BWW Interview: Jonny Labey Talks STRICTLY BALLROOM THE MUSICAL
Jonny Labey's past work ranges from EastEnders and winning TV show Dance Dance Dance to White Christmas and In the Heights on stage. He's now starring as rebellious Scott in Strictly Ballroom The Musical, which begins previews at Piccadilly Theatre on 29 March.
How have you found the rehearsal process?
It's been really full on. The show's been completely reworked and redesigned from its previous production - so many things have changed. Will Young's character Wally Strand has been added, and our characters don't sing anymore, so we've really been focussing on the dancing, the acting, the relationships. It's been incredible.
I can't believe we start tech on Saturday - it's flown by! The show is also just hilarious, so it's been a real pleasure. We've been doing some runs this week, and it's looking great.
Will you keep tinkering during previews?
Yes, I think so. We're getting the whole structure together, but little things might change depending on audience feedback. Our director Drew [McOnie] wants to make a show that fits into the West End specifically and really works for those audiences for a long time. So we've got space in our preview schedule to come into the theatre and work - whether it's adding or removing numbers, or changing a wig or costume.
Does remaking the show give you more ownership?
Definitely, that's the beauty of doing a new musical - you're putting your own flavour and style in. Drew is fantastic with that. He really listens and gets to know you as a performer, as a dancer, and then he plays to your strengths.
That sounds perfect for the message of the show
Exactly, it's all about being who you are! Scott is really ingrained with my own character and my style of dance. He has these breakout moments where he dances his own steps, and we've worked on finding the best way of me expressing that.
I've got some ballet training, but me doing fouetté turns isn't the best version! So we've got elements from my tap background, Drew's played on my hip hop training and the work we did together on In the Heights, plus incorporating elements of flamenco and those rhythms. The main focus is the characters and their journey - not "Oh, I can do this so let's stick it in".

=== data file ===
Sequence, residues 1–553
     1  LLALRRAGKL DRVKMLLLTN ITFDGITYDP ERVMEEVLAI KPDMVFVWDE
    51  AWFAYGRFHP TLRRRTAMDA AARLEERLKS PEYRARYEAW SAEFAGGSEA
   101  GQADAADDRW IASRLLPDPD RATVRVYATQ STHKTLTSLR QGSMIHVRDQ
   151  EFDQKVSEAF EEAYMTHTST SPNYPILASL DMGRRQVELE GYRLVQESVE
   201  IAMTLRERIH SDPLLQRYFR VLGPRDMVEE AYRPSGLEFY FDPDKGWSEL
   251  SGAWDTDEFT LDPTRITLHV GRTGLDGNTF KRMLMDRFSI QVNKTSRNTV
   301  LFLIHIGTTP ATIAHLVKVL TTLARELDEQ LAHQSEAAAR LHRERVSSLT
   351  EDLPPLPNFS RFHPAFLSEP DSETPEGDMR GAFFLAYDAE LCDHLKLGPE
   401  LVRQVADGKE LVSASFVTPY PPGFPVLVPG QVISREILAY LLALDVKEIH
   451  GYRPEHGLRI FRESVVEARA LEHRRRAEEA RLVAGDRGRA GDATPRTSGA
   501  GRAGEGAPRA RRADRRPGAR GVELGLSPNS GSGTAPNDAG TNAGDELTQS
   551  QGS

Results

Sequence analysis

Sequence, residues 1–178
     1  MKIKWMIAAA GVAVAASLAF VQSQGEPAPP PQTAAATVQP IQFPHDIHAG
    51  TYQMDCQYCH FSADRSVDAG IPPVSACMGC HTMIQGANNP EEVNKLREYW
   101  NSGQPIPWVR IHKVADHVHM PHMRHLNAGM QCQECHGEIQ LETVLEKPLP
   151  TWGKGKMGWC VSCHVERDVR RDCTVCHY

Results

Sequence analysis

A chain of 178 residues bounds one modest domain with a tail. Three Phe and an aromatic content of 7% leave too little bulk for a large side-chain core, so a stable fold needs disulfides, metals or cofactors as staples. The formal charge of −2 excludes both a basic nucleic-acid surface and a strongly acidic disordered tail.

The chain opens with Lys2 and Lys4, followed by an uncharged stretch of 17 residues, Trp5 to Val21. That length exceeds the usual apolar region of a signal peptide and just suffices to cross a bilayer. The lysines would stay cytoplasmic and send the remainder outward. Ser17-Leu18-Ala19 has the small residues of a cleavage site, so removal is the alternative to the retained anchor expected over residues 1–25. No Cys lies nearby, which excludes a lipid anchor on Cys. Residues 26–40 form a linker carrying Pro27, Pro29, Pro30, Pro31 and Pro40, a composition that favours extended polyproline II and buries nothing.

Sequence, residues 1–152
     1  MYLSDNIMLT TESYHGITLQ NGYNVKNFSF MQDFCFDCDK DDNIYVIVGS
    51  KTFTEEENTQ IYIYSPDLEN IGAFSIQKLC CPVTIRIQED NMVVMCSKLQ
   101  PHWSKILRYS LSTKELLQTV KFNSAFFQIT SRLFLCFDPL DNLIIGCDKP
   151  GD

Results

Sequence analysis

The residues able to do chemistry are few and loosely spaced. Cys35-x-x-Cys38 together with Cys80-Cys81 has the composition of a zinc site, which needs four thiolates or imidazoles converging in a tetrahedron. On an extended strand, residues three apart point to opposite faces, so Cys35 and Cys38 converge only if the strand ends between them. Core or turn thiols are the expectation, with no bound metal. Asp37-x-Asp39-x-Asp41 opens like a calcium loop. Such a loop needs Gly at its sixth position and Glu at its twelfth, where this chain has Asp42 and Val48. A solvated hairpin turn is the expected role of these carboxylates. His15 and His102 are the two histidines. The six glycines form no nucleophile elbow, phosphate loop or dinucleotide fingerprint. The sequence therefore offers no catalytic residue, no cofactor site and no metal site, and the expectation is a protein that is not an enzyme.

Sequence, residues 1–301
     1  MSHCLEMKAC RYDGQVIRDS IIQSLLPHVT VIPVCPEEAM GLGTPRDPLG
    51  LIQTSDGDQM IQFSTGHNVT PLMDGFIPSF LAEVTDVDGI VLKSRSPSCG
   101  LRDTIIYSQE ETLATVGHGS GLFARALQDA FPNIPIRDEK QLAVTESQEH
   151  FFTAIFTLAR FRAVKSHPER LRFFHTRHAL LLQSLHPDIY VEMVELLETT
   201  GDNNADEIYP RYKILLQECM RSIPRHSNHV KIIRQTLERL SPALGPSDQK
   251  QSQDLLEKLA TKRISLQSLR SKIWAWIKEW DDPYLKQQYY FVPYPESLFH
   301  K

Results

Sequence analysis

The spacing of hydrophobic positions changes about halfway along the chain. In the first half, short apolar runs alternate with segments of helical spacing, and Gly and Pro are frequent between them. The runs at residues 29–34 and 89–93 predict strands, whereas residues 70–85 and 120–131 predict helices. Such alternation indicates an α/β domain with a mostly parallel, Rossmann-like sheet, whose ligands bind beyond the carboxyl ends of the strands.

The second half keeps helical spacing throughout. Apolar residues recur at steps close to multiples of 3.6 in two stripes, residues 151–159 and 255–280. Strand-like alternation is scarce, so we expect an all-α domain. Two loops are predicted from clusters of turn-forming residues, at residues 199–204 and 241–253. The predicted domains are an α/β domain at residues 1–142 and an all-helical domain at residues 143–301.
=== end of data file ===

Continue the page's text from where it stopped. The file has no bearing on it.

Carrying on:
Is it tricky doing "bad" dancing in the earlier scenes?
Yes, we've mapped out this progression, for Zizi [Strallen] as Fran especially but Scott too - the dancing has to make sense with that. So in one instance, we had full-out passion and realised it was too much for the stage they're at. We had to dial it back.
Do you feel particular pressure given Scott is a champion?
It is a bit strange for me, not having done much ballroom, to play someone who's the best in the field - all while doing an Australian accent! But we've both got a really interesting journey of dance, and Zizi is just brilliant - we get on so well, we listen and support each other, and we make sure our connection happens at the right time, in the right way.
What's it been like working with flamenco master Fernando Mira?
Me and Fernando get on like a house on fire! He's the classic good old Aussie. Actually, he's like the whole story rolled into one: Spanish family, did flamenco from three years old, but also with the Aussie accent and that 'real man' attitude. We're hoping to go to Spain together at some point and go to the flamenco bars.
He obviously knows the show inside out, because he's played Rico since the beginning, and what he does dance wise is very unique - it's been an honour learning from him. He's so traditional and authentic.
And he makes it look easy, which I'm sure it's not!
It's really, really difficult. Especially me coming from a tap background - all the technique is completely backward.
How have you found learning ballroom?
We've had lessons with Dale Bennett, who's fantastic. In our show, it isn't really a display of classic ballroom technique, because even when they are doing it "properly", it's exaggerated for comic effect - since we're showing how rigid the ballroom world is and why Scott wants to break out. So that's actually got a funny element to it, and then what me and Zizi do is more expressive and heartfelt.